The progression of hearing loss after leaving PMX is further proof that his changes in auditory thresholds are not related to noise exposure. (This assumes that John Deere Waterloo, where Mr. Reich is currently employed, is using good hearing conservation practices and Mr. Reich is wearing his hearing protection as he stated.)

         Dr. Plakke concluded, "Reich did not suffer noise-induced hearing loss from working at PMX. It is my opinion that PMX did not expose Mr. Reich to noise levels for long enough durations and intensities to have been a significant contributing factor to his hearing loss . . .".

         Reich filed a petition for workers' compensation benefits on August 19, 2009, asserting injuries of "Hearing loss and Tinnitus." He amended his petition to assert a March 27, 2008 date of injury.[2] PMX filed an answer denying the claimed injuries.

         On June 22, 2010, Reich completed a hearing loss and tinnitus questionnaire for Richard Tyler, Ph.D., an audiologist, professor, and director of audiology at UIHC, where part of his responsibilities include directing the UIHC Tinnitus Clinic. Reich indicated on that questionnaire that he began to experience tinnitus in 2006 or 2007. Reich indicated it was intermittent and answered questions as to how tinnitus affected his concentration, emotional well-being, hearing, and sleep.

         On July 28, 2010, PMX sent Reich to see Dr. Doug Hoisington, a board-certified otolaryngologist to "address whether he suffered a noise-induced hearing loss and or tinnitus from working at PMX." On August 10, 2010, Dr. Hoisington wrote to counsel for PMX acknowledging Reich had a hearing loss and that Reich reported tinnitus, "but in asking him how significantly this interfered with his activities of daily living he was not sure." Dr. Hoisington concluded that "[g]iven the pattern of his hearing loss it would be hard to account for this type of injury to be caused by high-frequency noise." As for tinnitus, Dr. Hoisington noted that Reich's did not claim to have tinnitus in his employment record[3] at John Deere. Dr. Hoisington wrote:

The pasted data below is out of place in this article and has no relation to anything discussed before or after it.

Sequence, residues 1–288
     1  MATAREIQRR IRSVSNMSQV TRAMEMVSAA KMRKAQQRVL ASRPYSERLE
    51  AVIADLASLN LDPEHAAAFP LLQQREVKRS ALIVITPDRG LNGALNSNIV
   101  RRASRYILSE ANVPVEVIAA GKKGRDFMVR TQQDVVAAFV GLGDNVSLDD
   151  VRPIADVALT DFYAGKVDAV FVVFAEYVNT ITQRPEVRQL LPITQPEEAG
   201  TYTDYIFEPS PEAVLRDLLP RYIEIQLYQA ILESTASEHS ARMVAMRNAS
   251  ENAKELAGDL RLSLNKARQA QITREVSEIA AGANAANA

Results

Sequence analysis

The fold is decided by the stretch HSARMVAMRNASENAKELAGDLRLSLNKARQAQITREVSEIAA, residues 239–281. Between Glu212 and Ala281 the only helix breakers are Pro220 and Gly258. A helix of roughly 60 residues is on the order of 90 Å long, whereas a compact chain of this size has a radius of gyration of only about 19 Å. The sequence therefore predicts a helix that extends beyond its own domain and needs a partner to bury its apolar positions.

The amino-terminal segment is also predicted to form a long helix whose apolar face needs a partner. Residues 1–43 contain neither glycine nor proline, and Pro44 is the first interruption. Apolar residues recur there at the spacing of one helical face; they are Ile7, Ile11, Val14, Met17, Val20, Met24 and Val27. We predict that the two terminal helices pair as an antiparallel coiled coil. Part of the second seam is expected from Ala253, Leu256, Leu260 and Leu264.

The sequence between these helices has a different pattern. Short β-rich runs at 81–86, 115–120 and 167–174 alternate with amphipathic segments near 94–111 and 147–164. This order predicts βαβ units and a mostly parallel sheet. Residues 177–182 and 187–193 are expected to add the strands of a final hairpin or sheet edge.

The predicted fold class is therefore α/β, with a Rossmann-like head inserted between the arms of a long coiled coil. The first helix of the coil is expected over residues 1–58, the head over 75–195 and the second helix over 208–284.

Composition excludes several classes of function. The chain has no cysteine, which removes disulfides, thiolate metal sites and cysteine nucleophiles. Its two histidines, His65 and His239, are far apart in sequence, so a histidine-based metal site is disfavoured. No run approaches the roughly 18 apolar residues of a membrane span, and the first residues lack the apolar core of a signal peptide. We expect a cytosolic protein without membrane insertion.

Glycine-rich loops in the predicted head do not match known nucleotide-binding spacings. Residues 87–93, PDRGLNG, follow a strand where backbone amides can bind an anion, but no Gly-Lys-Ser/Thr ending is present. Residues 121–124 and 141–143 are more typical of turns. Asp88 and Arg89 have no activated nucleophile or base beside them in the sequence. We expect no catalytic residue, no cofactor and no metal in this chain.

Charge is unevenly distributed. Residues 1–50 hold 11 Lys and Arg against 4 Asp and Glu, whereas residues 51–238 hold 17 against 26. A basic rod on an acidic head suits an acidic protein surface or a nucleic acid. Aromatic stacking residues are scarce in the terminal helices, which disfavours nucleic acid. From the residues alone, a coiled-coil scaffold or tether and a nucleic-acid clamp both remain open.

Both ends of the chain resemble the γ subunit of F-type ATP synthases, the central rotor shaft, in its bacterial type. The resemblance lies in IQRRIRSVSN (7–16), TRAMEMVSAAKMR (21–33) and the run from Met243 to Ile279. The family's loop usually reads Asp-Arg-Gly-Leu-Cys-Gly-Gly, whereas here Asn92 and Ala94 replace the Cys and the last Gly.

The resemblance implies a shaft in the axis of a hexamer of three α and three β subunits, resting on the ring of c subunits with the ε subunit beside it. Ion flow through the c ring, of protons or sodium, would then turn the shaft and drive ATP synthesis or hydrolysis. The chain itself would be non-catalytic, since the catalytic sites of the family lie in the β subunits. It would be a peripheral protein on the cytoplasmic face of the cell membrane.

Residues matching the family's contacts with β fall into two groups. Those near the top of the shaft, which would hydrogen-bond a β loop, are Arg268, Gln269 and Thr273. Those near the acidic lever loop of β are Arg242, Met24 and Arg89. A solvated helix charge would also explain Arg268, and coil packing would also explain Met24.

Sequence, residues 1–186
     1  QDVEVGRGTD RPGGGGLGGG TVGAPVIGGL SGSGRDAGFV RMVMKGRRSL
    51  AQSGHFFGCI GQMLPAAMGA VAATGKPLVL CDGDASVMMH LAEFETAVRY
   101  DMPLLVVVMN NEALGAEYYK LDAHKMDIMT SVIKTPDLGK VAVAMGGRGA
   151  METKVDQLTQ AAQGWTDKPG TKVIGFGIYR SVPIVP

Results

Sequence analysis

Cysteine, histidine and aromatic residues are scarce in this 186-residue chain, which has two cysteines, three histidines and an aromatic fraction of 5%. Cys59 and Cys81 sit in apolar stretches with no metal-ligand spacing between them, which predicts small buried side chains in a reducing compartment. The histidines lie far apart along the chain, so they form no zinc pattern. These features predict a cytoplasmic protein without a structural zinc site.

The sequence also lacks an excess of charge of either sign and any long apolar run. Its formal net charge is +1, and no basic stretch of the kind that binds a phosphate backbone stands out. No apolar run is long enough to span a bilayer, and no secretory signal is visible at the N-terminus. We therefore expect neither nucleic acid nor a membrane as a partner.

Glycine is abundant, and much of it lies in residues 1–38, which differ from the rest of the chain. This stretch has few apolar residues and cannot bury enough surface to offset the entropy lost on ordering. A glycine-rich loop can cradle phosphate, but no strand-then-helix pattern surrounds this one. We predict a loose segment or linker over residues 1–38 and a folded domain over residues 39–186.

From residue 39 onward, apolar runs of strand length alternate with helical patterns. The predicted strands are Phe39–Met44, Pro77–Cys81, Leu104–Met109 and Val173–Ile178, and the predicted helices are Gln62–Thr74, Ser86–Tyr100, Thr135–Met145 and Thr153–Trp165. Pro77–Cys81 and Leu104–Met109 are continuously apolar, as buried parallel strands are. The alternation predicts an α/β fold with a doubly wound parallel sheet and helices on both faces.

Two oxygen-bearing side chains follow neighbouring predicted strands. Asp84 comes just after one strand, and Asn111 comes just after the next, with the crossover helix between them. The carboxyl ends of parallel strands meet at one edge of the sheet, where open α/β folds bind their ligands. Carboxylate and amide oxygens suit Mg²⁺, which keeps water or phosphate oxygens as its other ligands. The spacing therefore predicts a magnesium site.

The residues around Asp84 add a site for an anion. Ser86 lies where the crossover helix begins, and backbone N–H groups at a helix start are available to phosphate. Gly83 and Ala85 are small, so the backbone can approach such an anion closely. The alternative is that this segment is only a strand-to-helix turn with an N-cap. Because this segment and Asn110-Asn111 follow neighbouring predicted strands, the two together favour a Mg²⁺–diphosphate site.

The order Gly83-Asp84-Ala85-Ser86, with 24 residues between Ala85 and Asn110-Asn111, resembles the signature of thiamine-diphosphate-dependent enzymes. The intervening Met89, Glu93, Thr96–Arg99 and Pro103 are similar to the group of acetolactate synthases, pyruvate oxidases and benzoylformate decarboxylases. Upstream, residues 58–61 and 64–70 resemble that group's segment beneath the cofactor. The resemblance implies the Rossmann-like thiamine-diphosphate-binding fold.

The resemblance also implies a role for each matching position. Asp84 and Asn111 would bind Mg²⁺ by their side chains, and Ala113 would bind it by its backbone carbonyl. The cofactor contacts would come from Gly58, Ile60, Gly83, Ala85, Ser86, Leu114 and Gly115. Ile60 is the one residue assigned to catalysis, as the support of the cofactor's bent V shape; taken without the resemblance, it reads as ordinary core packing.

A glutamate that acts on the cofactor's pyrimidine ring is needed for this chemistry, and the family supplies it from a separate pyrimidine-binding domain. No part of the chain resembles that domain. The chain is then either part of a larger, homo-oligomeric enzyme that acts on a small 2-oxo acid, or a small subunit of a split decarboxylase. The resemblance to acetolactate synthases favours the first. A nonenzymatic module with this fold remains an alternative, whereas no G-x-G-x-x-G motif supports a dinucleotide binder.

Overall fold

If this is true there is no way that his exposure to noise at PMX could then later on cause tinnitus; therefore if he does have tinnitus it is probably not related to his noise exposure at PMX. Secondly although tinnitus has been associated with hearing loss there are people who have tinnitus who have absolutely no hearing loss. It is unknown what the etiology of tinnitus is; it used to be believed that it was related purely to injury to the cochlea. However; there are patients who have had their cochlea totally destroyed and yet still complained of tinnitus; this could very well be related to an abnormality in the auditory cortex. Once again the American Medical Association allows adding a 5% maximum disability for tinnitus but it is related to a SIGNIFICANT interference in the activities of daily living. As noted above this is clearly not the case with Mr. Reich.

         On August 20, 2010, Dr. Tyler prepared a report based on Reich's questionnaire, a subsequent telephone interview with Reich, and a documentation review. Dr. Tyler outlined several factors including work history, noise exposure, hearing protection, family history, and recreational noise exposure and concluded, "Based on the information available to me, I conclude that the sensorineural hearing loss and tinnitus experienced by Mr. Reich was probably a result of his work at PMX Industries. His condition is unlikely to improve." He summarized his reasoning:

12 Overall Impression of Hearing and Tinnitus

There are several important points in Mr. Reich's situation:
12.1History at PMX Industries

•Mr. Reich was exposed to high levels of damaging noise during his work at PMX Industries.
• His post-employment audiograms are consistent with a noise induced hearing loss.
•He was exposed to impulsive noise, and was not properly shown how to use hearing protection.
•He was exposed to chemicals while at work.
•Because of his overtime, he was exposed to excessive noise far greater than 40 hours per week.
12.2Other Possible Causes of Hearing Loss

• There is no evidence that suggests he started work at PMX Industries with ill health or tinnitus.
•It is very unlikely that his hearing loss or tinnitus is due to aging or is hereditary.
12.3Functional Impairment Rating

His bilateral hearing impairment is 2%, but I expect him to have more significant difficulty localizing and hearing in noise. As his hearing loss progresses due to aging, he will require more power hearing aids at an earlier age because of his current noise induced hearing loss.
•His % binaural hearing loss is 2%
•His whole-body tinnitus impairment is 4.5%.
12.4 Restriction on Work

Hearing loss and tinnitus can result in isolation. Loud noise can make people more anxious, irritable, increase in pulse rate, blood pressure and produce stomach acid.
•He should not work around loud noise.
• He should not work in a situation where the noise levels are unpredictable.
• He should not work in dangerous situations where accurate concentration is required.
•He should not work in situations that are stressful.

         Dr. Hansen submitted a response to points made by Drs. Plakke, Hoisington, and Tyler. Dr. Plakke criticized Dr. Tyler's analysis, as did Dr. Hoisington. On September 13, 2010, Dr. Tyler wrote a letter detailing the other expert opinions and specifically agreeing or rejecting particular findings and arguments. Dr. Tyler again concluded, "Based on the information available to me, I conclude that the sensorineural hearing loss and tinnitus experienced by Mr. Reich was probably a result of his work at PMX Industries. My opinions do not change following these three letters [from Drs. Hansen, Plakke, and Hoisington]."